The Tate's Crack: Dangerous Art?

by Molly Kenney

Despite evidence on this blog to the contrary, I am not obsessed with crack. This time it’s not a ridiculous drug law that has caught my attention, but an art installation at London’s Tate Modern. And this crack is proving pretty dangerous.

Colombian artist Doris Salcedo’s Shibboleth 2007 is a 167-meter split down the floor of the Tate’s Turbine Hall. Salcedo says this artwork represents the cleavages in society caused by racism and colonial exploitation, and the Tate extols it as “ask[ing] questions about the interaction of sculpture and space, about architecture and the values it enshrines, and about the shaky ideological foundations on which Western notions of modernity are built.” For all of its deeper meaning and artistic value, however, Shibboleth 2007 seems to be acting like any other piece of uneven ground and wrenching ankles, skinning knees, and generally injuring spectators left and right. I wonder if a slip and fall lawsuit is any more glamorous when art’s involved?

The Tate reports, according to the BBC News, only ten minor injuries so far, but the crack has been widely criticized, since its installation, as a potentially serious safety hazard. The museum has refrained from installing any safety barriers, deeming them interruptive of the art, but the depth of the crack and the process by which the work was installed has remained secret (although it has been made public that the hall’s floor was actually cleaved during installation). Some warning signs suggest a danger to children, but tourists of all ages have reported near falls into the artistic abyss.

The symbolism of the schism is touching, but the art label shouldn’t legitimize exemption from basic rules of public safety and common sense, as it seems modern art often does. The injuries, however minor, aren’t symbolic, and lawsuits won’t be either when Salcedo and the rarified air-breathing curators have to appear in court. Perhaps some more signs or a little fence around the crack — I know, how typically white American of me to distance myself from racism — would make things safer without disrupting visitors’ view of the piece. Then maybe everyone can avoid falling into this modern art chasm.

(Promotional photo from the Tate Modern. Shibboleth 2007 will be on display at the Tate Modern until April 6, 2008.)

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Caitlin Servilio said...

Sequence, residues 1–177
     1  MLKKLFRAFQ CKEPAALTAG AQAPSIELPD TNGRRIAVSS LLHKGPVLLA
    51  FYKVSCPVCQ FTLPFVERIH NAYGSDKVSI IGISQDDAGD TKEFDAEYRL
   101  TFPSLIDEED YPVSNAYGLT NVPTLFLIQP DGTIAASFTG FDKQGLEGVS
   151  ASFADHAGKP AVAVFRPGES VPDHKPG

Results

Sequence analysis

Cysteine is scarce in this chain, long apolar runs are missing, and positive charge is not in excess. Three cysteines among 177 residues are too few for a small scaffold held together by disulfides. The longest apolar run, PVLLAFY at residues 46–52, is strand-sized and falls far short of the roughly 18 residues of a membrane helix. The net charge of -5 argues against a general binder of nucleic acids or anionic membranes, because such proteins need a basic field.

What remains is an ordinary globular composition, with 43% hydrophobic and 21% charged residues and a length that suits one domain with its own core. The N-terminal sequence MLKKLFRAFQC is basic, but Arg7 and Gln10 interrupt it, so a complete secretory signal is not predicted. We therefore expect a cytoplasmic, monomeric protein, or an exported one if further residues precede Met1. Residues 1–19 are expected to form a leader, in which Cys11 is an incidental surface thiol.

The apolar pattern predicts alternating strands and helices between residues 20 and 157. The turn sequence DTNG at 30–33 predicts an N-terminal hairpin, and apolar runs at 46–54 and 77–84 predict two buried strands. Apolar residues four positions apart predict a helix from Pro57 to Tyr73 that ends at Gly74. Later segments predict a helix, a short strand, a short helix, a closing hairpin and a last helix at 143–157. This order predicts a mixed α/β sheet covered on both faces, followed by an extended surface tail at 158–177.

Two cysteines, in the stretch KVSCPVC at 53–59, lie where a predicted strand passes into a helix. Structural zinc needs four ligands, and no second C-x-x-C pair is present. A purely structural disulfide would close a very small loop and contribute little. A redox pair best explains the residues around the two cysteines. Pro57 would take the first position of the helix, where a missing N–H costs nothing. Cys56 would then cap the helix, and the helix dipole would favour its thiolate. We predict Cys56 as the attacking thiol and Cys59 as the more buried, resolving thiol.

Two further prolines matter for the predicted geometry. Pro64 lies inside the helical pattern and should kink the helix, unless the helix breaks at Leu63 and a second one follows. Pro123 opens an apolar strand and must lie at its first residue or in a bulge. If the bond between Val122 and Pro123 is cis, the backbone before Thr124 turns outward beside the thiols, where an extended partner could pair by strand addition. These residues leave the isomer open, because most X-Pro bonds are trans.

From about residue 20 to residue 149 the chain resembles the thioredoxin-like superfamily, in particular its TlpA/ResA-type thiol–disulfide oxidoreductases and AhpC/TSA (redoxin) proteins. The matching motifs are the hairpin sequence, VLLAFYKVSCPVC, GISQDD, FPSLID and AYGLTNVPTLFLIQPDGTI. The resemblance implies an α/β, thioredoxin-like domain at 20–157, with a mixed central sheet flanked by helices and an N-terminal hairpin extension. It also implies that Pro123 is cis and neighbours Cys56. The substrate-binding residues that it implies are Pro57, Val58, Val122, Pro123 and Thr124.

I have to disagree. I have to wonder, in fact, if this crack is so huge and so notorious, why don't people just not walk by it? You wouldn't go dancing along the edge of the Grand Canyon because clearly you could fall and get hurt. This strikes me as the same kind of thing as people who sue coffee franchises because for some reason they didn't realize that the coffee is really, really, hot. And it's a museum--parents shouldn't be allowing their kids to roam around everywhere, because there's other dangers in this world besides artistic chasms--pedophiles, thieves, etc.

I have some advice for anybody who sues the Tate or the artist: next time you see a huge gaping crack in the floor, avoid it.

mkenney said...

Your comment assumes that people are rational and that liability never applies to organizations like the Tate. You and I may not dance along the edge of the Grand Canyon, but because some people would, the National Park Service has placed loads of warning signs and fences to prevent accidents. The hot coffee suits are very similar to this, and you said it yourself--they resulted in warning labels to reduce company liability and injuries, even if the majority of those injured didn't reason that coffee could be hot.
Really, let's not pull out "the world is a dangerous place" card--it's a trite response to safety concerns and pretty unrelated to slip-and-fall accidents. In this case, the Tate needs more warning signage and safety precautions around "Shibboleth 2007" because some people don't watch their kids, the footing isn't even and even careful people can slip, and because the Tate could get a serious lawsuit over something so easy to prevent.
"Pedophiles, thieves, etc." are held liable for their actions, too, by the way.

Anonymous said...

This is absolutely ridiculous - the installation has been very well publicised and the Tate staff hand out leaflets upon entering the turbine hall. People should just look where they are going and not turn to law suits when they are not paying adequate attention and fall over. Take responsibility for your own actions - be a grown up.

mkenney said...

I agree that people should use common sense, but when I visited the Tate, there were no staff members handing out leaflets and there were only a few small signs. There were, however, large crowds pushing by and children running around. For the safety of all it's visitors and for protection from lawsuits by people who might thoughtlessly stick their legs into the crack (the same people who make careers out of slip and fall suits), the Tate needs greater precautions. In this litigious society, the museum should be sensitive to liability, as any 'grown-up' should.

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